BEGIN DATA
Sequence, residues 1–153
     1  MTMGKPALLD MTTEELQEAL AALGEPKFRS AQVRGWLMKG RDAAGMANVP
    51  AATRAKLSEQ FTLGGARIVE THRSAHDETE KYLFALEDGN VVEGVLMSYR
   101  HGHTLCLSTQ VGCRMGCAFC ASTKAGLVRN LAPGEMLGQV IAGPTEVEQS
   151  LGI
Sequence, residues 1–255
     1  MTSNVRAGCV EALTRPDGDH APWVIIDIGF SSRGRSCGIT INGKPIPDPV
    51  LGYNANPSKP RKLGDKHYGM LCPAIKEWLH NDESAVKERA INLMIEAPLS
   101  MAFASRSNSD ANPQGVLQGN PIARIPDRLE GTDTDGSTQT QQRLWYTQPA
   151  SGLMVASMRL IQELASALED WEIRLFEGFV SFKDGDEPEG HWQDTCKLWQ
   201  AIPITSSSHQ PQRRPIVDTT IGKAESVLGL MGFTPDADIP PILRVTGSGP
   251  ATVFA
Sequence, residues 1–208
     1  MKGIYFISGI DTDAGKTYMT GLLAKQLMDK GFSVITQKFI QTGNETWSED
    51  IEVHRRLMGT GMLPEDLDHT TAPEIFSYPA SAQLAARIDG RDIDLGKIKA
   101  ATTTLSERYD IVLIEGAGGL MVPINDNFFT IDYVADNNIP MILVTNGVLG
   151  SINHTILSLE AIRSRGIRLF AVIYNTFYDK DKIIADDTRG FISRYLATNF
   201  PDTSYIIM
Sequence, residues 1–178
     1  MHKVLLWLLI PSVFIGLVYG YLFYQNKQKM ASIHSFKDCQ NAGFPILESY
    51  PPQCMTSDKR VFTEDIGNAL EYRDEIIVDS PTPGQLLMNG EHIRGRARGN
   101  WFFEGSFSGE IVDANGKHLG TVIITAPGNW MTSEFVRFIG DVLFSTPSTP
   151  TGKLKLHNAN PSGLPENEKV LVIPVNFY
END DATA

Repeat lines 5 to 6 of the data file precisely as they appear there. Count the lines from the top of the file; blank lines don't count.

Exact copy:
   151  LGI
Sequence, residues 1–255